This was the place I found myself in a few weeks ago. I have this job that I truly believe is a calling on my life, and if I didn’t believe that, I can guarantee you I wouldn’t be doing it. Because it’s hard.

I’m not afraid of too many things, but one thing that genuinely scares me is the idea of complacency.

Some folks don’t like the idea of risk or surprise. I like both of those things. What I absolutely cannot handle is the idea of my life being stagnant. If my life becomes mediocre, there’s a problem.

So setting my alarm every day, waking up, driving to work and robotically going through the motions is not an option.

But that was where I was. I was fatigued, I had lost compassion, and I was exhausted.

So I prayed. I prayed for energy and enthusiasm and I asked to FEEL.

I actually said [in these exact words]: “Hey God, I want to feel. But not just a little. I want to feel a LOT. Actually, I want to feel too much.”

[See what I meant about the book title? It’s all coming together].

And I really meant it. I was unhappy with rote movements and complacent motions. I wanted a jolt. I wanted to experience new rushes of emotion and passion and inspiration in a way that might even lead somebody else to say, “Hey, look at her. She is feeling a little bit too much.”

Leave it to me, in keeping with my free-spirited and impulsive nature, not to consider the consequences of such a request.

Because here’s the truth: I believe in God. I believe that He hears me and sees me and cares about me, so if I’m going to ask Him for something, He might just give it to me.

But I didn’t consider what it would look like if He actually did.

I was ill-prepared for the experience. When the tasks that I faced on a daily basis suddenly became new. I saw them through new eyes, eyes that were stunned by the injustice and pain of the world that I live in. I remembered what it felt like to be stunned and infuriated and insufficient.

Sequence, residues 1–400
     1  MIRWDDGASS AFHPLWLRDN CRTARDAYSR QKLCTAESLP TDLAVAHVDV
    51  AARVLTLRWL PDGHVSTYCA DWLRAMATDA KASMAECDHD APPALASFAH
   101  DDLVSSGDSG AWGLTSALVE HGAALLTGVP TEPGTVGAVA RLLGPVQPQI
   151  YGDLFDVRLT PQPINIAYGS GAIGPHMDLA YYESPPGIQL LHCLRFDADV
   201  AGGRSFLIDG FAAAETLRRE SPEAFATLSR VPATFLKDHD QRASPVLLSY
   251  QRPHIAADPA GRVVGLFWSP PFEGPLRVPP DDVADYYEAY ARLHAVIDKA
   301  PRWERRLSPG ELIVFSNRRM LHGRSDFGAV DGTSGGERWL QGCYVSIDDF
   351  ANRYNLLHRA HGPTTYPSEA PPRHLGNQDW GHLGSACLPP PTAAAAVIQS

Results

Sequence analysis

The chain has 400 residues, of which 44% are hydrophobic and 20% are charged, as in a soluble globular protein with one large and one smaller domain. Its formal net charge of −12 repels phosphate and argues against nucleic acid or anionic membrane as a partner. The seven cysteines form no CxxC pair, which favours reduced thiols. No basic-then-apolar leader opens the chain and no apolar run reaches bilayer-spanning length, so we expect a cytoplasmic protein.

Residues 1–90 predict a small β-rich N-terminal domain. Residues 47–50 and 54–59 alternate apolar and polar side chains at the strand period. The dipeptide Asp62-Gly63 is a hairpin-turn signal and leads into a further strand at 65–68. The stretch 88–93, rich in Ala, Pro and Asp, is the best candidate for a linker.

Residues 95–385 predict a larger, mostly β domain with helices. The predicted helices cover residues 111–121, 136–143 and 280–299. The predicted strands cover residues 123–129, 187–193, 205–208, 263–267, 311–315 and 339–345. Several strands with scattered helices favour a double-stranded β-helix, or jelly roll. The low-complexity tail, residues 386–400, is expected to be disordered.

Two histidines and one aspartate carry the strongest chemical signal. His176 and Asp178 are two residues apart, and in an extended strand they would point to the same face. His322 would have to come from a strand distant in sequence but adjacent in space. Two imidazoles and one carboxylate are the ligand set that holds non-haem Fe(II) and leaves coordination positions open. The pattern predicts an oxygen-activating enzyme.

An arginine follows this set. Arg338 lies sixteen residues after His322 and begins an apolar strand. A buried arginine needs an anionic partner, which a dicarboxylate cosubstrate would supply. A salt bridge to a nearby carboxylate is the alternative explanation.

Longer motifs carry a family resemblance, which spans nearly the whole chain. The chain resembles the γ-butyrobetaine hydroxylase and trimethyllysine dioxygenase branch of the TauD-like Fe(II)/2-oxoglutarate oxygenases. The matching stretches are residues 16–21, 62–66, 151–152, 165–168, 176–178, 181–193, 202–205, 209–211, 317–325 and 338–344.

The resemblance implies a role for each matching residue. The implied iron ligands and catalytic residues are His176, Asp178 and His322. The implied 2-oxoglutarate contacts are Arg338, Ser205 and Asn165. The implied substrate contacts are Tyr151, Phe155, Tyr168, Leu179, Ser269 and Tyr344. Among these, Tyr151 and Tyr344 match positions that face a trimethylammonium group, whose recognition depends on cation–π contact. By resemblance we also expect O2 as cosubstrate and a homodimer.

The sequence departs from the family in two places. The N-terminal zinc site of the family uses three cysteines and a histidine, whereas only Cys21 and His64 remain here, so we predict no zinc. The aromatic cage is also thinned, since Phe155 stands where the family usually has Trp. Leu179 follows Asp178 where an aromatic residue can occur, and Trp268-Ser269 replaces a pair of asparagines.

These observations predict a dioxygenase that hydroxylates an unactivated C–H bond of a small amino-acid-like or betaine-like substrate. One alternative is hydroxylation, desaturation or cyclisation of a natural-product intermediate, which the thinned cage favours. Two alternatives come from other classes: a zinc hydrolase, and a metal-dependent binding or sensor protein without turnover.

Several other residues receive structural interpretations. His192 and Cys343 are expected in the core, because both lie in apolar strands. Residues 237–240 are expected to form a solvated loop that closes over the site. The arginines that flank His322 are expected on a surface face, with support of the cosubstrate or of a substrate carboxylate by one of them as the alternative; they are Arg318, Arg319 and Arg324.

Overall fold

Fast-forward to my night on the floor, and that’s what it looked like. My prayer had been answered. I was desperately broken, feeling too much.

And I knew it was what I had asked for, but it felt like a greater burden than I could bear.

People will assume that I am brave, strong, and capable of dealing with really sad stories without breaking down. I guess that’s true. But what’s more true is that I sometimes have to break down. Because sometimes I feel. And I feel a lot. Maybe even too much.

But isn’t that better than feeling nothing at all? I don’t want to be so strong that I can hear about somebody else’s pain and sadness and it doesn’t blip on my radar. Unfazed, I could provide canned and clinical responses that provide direction without compassion. I don’t want to do that.

I’d rather feel too much than nothing at all.

And maybe feeling too much actually makes me a better social worker. There a lot of smart people in this world. And being smart is a good thing. But I don’t want to be analyzing and diagnosing and assessing all the time. Sometimes I need to sit and be real and acknowledge that life is hard and people can hurt other people and that’s sad.

Compassion first, answers later.

[If there are any].

And maybe someday I can reach a happy medium, and I’ll feel just a moderate amount. Maybe. But for now, I guess I’ll feel too much. I guess I’ll care too much and have nights where I lay on the floor and ask God what is going on.

“We are all a people in need.
We are not perfect. We are not machines.
We make mistakes.
We need grace. We need compassion.
We need help at times.
We need other people.
And that’s okay.”
― Jamie Tworkowski



If you or somebody you know is struggling with depression or self harm, please seek help and support. Some resources that TWLOHA and I can stand behind are here.

And if you’d like to purchase a copy of Jamie’s book [highly recommended by me] here’s a link to that, too.

…with much love…